August 1: All Change
Industry has greeted changes to the solar FiT scheme with mixed emotions.
The beginning of August marks the first day of the new feed-in tariff model for solar photovoltaics in the UK. From today, FiT rates will once more be revised downward along with the tariff lifetime as part of a new degression model.
The two largest changes that come into effect this morning will be the dropping of the FiT rates and the reduction in tariff lifetime. The headline FiT figure for <4kWp is being cut down to 16p from 21p; completing a 63 percent drop in subsidy from March this year. The full FiT levels eligible from August 1, 2012 are laid out below:
|Band (kW)||Standard generation tariff (p/kWh)||Multi-installation tariff (p/kWh)||Lower tariff (if energy efficiency requirement not met) (p/kWh)|
|4kW (new build)||16.0||14.4||7.1|
As part of the new tariff structure, tri-monthly degressions of 3.5 percent will take place. However, the degressions can be delayed or brought forward depending on installation levels in the market. The structure is intended to stop a repeat of the FiT fiasco that industry has been engulfed in over the last 18 months.
The FiT lifetime has also been dramatically lowered from 25 years to 20 years, which the Department of Energy and Climate Change (DECC) believes was necessary in order to bring solar back in line with other renewable technologies.
A morsel of comfort for solar installers is that as of today, the export tariff has been revised upwards from 3p/kWh to 4.5p/kWh, in order to better reflect its value. However, solar installers are approaching the changes with serious trepidation. A recent poll showed that over half of Solar Power Portal readers believe that ‘there will be another serious dip in installs and solar installers will be forced out of business.’
Andrew Lee, General Manager of Solar UK at Sharp, on the other hand heralded the changes as a new dawn for the UK solar industry: “We welcome Government’s decision to work towards creating a more stable FiT for the solar industry. The 16p rate still offers opportunities for both investors and homeowners to take advantage of a cost-effective form of renewable energy while bringing much needed certainty and stability to the market. This is a chance for the industry as a whole to turn a corner and work towards driving growth in the UK.
“We will maintain a dialogue with the government to continue moving solar forward and instil confidence in the sector. The UK solar market has been through a turbulent 18 months but, through innovating and adapting, the industry is well placed to grow.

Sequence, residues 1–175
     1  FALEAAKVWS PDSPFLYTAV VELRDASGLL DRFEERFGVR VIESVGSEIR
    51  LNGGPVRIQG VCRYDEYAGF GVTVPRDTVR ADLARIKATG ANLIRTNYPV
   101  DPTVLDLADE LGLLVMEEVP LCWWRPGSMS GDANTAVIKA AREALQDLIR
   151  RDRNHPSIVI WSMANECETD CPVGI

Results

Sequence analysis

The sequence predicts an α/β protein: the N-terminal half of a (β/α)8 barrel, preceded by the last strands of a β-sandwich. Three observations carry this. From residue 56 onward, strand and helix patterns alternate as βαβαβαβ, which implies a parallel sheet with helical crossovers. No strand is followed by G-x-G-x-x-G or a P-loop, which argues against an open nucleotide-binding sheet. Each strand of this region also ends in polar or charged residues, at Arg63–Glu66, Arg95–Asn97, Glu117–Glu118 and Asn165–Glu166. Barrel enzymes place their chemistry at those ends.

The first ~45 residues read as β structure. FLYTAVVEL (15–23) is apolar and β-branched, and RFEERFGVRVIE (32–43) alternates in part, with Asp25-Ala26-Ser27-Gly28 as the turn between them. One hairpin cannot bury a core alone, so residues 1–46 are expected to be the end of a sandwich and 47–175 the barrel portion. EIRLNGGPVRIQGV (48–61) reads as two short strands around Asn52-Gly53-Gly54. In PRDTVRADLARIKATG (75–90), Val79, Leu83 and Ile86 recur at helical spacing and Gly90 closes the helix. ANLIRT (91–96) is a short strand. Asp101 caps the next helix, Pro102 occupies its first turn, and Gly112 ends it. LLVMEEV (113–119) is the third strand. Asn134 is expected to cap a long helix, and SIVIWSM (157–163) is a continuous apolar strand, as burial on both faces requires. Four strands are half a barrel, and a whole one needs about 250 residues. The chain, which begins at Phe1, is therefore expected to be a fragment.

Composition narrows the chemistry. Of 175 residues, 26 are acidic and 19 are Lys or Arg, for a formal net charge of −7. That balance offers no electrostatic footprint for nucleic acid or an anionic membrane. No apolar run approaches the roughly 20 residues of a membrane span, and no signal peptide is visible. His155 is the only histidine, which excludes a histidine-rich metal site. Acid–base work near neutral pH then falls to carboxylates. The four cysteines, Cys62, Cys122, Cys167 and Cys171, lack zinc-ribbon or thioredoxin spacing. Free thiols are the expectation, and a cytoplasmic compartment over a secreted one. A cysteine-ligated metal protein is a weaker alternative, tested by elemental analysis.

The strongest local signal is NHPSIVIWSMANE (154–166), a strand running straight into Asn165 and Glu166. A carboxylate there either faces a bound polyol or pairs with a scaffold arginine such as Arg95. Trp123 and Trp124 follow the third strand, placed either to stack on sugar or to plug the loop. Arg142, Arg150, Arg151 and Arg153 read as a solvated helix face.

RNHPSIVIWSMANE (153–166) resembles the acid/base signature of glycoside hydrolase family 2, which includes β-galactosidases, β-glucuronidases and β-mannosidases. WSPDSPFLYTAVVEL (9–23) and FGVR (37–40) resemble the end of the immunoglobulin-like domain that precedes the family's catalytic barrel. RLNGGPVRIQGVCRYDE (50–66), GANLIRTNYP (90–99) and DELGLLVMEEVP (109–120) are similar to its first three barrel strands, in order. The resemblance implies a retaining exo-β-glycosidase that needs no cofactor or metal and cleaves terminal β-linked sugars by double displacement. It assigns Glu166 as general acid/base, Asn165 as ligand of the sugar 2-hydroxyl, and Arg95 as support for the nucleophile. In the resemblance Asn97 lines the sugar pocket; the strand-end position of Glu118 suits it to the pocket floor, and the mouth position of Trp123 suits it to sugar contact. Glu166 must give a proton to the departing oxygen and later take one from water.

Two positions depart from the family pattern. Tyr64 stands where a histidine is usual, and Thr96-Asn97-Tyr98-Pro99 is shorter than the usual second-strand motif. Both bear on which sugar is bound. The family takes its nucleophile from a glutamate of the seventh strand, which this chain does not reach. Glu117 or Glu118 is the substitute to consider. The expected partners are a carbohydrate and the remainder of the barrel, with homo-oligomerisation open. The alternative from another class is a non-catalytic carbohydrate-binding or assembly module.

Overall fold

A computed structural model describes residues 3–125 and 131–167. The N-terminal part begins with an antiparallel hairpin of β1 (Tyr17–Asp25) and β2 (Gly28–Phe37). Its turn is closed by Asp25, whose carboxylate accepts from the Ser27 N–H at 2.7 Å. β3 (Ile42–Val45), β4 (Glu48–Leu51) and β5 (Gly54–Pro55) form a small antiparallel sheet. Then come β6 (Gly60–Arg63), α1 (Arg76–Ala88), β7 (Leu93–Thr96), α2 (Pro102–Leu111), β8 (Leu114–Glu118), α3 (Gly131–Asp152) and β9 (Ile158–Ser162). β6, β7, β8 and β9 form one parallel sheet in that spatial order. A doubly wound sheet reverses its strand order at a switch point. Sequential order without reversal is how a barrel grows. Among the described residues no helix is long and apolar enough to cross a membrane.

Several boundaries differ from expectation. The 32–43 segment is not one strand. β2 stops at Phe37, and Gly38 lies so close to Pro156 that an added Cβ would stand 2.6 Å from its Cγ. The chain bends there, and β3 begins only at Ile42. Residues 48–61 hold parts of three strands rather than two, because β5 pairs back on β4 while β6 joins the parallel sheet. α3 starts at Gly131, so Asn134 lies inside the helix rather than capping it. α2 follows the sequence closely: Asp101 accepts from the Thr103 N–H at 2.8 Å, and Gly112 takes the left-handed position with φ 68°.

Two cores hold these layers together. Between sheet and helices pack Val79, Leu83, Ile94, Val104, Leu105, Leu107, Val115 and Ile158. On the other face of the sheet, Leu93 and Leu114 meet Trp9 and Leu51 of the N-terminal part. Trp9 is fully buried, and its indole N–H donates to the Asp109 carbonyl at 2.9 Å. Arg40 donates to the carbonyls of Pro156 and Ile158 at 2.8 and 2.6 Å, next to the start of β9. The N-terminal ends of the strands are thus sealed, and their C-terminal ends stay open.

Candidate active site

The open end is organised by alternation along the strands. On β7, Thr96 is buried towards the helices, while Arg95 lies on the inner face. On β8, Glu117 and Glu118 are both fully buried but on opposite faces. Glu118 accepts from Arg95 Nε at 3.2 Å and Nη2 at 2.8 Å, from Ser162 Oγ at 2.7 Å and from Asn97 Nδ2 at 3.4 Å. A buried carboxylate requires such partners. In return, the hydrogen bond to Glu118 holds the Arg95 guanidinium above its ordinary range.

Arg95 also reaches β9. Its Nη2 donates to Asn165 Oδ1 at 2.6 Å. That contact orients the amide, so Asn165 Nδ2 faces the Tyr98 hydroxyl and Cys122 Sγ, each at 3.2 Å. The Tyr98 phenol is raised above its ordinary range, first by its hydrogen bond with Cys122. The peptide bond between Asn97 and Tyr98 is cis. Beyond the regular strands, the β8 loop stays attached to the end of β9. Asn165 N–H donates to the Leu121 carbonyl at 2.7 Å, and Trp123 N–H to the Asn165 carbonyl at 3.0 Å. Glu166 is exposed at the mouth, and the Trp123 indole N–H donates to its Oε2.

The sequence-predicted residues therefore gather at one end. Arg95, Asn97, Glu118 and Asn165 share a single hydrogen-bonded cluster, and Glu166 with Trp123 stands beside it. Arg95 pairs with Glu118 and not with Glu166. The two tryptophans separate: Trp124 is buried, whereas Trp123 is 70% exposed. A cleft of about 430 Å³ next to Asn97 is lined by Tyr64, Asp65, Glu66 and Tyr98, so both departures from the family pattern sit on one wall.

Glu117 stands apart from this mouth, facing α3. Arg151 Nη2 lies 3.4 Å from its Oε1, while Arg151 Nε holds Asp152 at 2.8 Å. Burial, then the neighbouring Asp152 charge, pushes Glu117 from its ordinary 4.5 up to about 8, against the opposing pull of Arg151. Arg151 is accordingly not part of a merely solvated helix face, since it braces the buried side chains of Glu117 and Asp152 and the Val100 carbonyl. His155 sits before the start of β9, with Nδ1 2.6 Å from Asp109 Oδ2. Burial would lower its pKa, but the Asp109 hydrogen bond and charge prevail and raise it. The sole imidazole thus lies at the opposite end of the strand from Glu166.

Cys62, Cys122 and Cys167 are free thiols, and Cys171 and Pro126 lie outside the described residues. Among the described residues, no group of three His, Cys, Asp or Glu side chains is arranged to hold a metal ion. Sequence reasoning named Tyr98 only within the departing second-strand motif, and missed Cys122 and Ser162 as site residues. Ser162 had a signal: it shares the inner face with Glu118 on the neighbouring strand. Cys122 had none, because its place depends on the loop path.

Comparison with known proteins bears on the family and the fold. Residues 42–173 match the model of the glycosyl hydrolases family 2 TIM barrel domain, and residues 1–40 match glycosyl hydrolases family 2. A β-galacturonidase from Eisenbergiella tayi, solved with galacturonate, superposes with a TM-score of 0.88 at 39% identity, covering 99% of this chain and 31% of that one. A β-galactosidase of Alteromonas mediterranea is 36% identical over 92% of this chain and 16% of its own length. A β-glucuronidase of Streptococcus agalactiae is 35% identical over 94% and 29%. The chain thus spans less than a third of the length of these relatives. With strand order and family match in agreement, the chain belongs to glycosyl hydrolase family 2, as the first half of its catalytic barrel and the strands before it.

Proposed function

“It is important to realise that the solar industry can still play a pivotal role and be part of the low carbon economy in the UK, and we are pleased that the government recognises this and is working to create a better, more effective tariff system.”
Tomas Freyman, Valuations Director and Renewable Energy Specialist at BDO LLP echoed Lee’s sentiments, saying: “The latest reduction in the solar FiT allows us to think about renewable energy in its wider context. FiTs have delivered more than 1 GW of solar photovoltaic (largely residential) over the last two years, and have shown that there is a market for investments based on energy users becoming energy generators. That is indeed a great testament to the UK energy user.
“Solar photovoltaic, whether its residential or commercial, however, is still unlikely to occupy more than a niche position in the energy sector as a whole even if investors and developers are still able to generate adequate returns. It is no surprise that the tariffs have come down; they are doing so broadly in line with capital costs. The full intention of these subsidies is to get the market started and, in time, they will no longer be needed as levelised costs of renewable energy meet those for fossil fuels.”
Robert Goss, MD Conergy UK, added: “Unlike last year, where big tariff reductions encouraged booms in solar installations, the August 1 reduction has had less impact. Whether this is down to consumers being more cautious, tighter lending from the banks, or because payback times are only being postponed by a year or so, remains to be seen.
“The bigger picture is that in the current market, Government’s 22GW target for solar can not be met with feed-in-tariffs alone. Where daytime power generation offers instant returns, such as on office roofs, factories, in schools and hospitals, the business case is already strong. For large scale projects, the coalition should seek to resolve its differences on ROCs to avoid the boom-and-bust we had with feed-in-tariffs.”
Energy and Climate Change Minister, Greg Barker said: “the reforms we are introducing today provide a strong, sustainable foundation for growth for the solar sector. We can now look with confidence to a future for solar which will see it go from a small cottage industry, anticipated under the previous scheme, to playing a significant part in Britain’s clean energy economy.
“I want to send a very clear message today. UK solar continues to be an attractive proposition for many consumers considering microgeneration technologies and that having placed the subsidy support for this technology on a long-term, sustainable footing; industry can plan for growth with confidence.
Solar Power Portal
Author: Petter Bennett